Sikkim • northeastern state of India

Experience the captivating diversity of India with a curated collection of regional videos. Immerse yourself in the Sikkim, the northeastern jewel of India, through videos crafted from photographs taken on our extraordinary journey through Buddhist India, including Sikkim, Bihar, and West Bengal. A spiritual exploration that promises to uplift. For a comprehensive journey, a simple click on the globe unveils our complete collection on India.

Sikkim, India • Rumtek Dharma Chakra Center in Gangtok ( India, Sikkim )

Sikkim, India • Rumtek Dharma Chakra Center in Gangtok

Sikkim, India • prayer flags near the Sangacholing Monastery ( India, Sikkim )

Sikkim, India • prayer flags near the Sangacholing Monastery

Sikkim, India • entrance to Sangchen Pemayangtse Monastery ( India, Sikkim )

Sikkim, India • entrance to Sangchen Pemayangtse Monastery

Nestled among the majestic peaks of the Eastern Himalayas, Sikkim is a testament to India's diversity in geography, culture, and history. This small but vibrant state offers a unique glimpse into a rich historical tapestry, an economy that blends tradition with modernity, and a society marked by a rich ethnic mosaic and religious harmony.

 

History

Before Independence

 

Sikkim's history is shaped by the rule of the Namgyal dynasty, established in the 17th century by Phuntsog Namgyal, who was recognized as the first Chogyal (king) of Sikkim. The Namgyal dynasty played a pivotal role in fostering Tibetan Buddhism in the region and defending Sikkim against various invasions. Despite pressures from neighboring kingdoms and later, British colonial interests, Sikkim retained a degree of autonomy, navigating through historical upheavals with its cultural identity intact.

 

After Independence

 

The era following India's independence in 1947 was transformative for Sikkim. Initially recognized as a protectorate state, Sikkim saw a significant political shift in 1975 when a referendum led to its merger with India, becoming the 22nd state of the Indian Union. This transition marked the end of the monarchy and integrated Sikkim into the democratic framework of India, opening new avenues for development while preserving its unique cultural heritage.

 

Geography

Occupying an area of just 7,096 km², Sikkim is India's least populous and second smallest state. Its geography is dominated by the dramatic contours of the Himalayas, including the majestic Kanchenjunga, the third highest peak in the world. This rugged terrain, interspersed with pristine lakes and rich biodiversity, makes Sikkim an ecological hotspot and a haven for trekkers and nature enthusiasts.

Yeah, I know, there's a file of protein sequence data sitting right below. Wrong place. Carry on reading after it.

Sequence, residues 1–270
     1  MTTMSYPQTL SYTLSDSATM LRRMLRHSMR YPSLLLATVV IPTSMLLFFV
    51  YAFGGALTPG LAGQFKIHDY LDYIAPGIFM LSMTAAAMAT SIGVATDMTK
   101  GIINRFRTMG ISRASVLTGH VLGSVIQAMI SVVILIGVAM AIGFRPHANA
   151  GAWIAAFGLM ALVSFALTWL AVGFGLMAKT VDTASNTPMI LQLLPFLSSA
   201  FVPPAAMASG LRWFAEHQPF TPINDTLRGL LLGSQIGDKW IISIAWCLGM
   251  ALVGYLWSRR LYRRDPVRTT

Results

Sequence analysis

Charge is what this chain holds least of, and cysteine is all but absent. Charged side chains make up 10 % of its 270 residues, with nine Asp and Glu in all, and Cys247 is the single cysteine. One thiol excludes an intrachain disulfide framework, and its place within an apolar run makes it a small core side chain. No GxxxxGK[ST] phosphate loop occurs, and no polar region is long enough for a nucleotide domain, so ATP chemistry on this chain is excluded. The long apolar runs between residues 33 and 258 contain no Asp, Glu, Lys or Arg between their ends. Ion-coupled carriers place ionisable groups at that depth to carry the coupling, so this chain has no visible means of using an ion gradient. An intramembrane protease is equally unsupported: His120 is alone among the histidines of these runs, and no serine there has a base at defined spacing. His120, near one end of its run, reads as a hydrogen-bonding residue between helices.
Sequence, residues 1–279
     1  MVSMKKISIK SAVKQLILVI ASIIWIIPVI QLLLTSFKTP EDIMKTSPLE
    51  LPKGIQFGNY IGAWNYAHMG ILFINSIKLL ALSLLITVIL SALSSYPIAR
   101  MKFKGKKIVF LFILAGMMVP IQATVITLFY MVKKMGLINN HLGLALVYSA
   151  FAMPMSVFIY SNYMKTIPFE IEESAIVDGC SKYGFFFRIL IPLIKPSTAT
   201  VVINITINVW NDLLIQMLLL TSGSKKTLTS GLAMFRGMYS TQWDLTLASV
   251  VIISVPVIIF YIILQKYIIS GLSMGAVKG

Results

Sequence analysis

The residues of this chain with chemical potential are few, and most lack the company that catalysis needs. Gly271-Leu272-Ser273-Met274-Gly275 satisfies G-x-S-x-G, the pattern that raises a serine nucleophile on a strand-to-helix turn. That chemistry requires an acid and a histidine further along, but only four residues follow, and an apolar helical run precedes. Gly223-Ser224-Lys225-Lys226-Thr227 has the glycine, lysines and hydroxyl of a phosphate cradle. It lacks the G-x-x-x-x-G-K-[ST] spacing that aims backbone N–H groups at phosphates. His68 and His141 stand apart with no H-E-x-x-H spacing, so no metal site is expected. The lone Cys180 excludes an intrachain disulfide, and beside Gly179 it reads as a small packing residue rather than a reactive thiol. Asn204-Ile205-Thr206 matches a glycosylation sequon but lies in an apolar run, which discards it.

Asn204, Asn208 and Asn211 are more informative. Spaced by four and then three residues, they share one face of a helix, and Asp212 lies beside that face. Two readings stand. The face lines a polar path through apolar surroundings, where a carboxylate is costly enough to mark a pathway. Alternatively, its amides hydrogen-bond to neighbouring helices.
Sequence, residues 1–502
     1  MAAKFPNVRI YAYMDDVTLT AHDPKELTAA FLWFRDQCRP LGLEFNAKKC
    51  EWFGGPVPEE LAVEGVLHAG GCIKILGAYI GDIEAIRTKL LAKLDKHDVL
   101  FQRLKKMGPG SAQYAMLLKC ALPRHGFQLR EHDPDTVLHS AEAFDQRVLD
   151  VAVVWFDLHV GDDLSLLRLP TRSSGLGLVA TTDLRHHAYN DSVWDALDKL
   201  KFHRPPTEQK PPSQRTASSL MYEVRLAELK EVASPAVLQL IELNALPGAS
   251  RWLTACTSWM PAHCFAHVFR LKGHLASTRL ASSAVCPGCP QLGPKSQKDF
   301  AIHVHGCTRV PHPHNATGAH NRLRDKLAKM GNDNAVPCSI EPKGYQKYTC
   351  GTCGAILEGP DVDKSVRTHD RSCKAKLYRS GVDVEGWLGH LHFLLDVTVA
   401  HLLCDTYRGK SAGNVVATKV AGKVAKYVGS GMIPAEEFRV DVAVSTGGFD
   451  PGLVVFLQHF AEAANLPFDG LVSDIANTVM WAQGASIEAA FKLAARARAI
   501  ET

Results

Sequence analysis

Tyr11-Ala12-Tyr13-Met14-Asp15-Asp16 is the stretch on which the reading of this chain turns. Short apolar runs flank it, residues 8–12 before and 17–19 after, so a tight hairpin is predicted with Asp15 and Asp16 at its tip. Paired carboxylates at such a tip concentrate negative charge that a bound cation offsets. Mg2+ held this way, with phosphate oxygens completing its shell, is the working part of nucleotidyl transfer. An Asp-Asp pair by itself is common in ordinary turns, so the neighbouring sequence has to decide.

Economy

Sikkim's economy is a blend of agriculture, tourism, and hydroelectric power. Organic farming has flourished, making Sikkim India's first fully organic state, a testament to its commitment to sustainable development. The tourism sector, buoyed by Sikkim's natural beauty and cultural wealth, plays a vital role in the state's economy, drawing visitors from around the globe.

Video gallery • India, Sikkim

Population

With a population of around 610,000 Sikkim is a mosaic of ethnic groups, including the Bhutias, Lepchas, and Nepalis, each contributing to the state's cultural diversity. This diversity is reflected in a variety of languages, traditions, and festivals that celebrate the rich tapestry of Sikkimese society.

 

Religion

Buddhism and Hinduism coexist peacefully in Sikkim, with the state being home to numerous monasteries and temples. The spiritual landscape of Sikkim is dotted with sacred sites, such as the Rumtek Monastery and the ancient Pemayangtse Monastery, making it a key destination for spiritual tourism.

 

Cultural and Tourist Attractions

From the serene Gurudongmar Lake to the verdant valleys of Yumthang, Sikkim's natural wonders are complemented by cultural landmarks like the Rumtek Monastery and the vibrant capital city, Gangtok. The state's rich cultural calendar, highlighted by festivals such as Losar (Tibetan New Year) and Saga Dawa, offers insights into the spiritual and communal life of its people.

 

In conclusion, Sikkim stands as a beacon of India's diversity, offering a blend of natural beauty, historical depth, economic innovation, and cultural richness. It continues to enchant visitors with its serene landscapes and spiritual tranquility, embodying the essence of the Himalayan spirit.

Sikkim, India